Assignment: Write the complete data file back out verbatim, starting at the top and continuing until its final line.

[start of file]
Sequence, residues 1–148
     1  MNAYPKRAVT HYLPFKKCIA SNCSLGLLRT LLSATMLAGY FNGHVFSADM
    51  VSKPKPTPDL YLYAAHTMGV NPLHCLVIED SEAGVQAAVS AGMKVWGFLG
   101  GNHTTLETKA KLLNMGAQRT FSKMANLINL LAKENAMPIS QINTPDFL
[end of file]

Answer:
Sequence, residues 1–148
     1  MNAYPKRAVT HYLPFKKCIA SNCSLGLLRT LLSATMLAGY FNGHVFSADM
    51  VSKPKPTPDL YLYAAHTMGV NPLHCLVIED SEAGVQAAVS AGMKVWGFLG
   101  GNHTTLETKA KLLNMGAQRT FSKMANLINL LAKENAMPIS QINTPDFL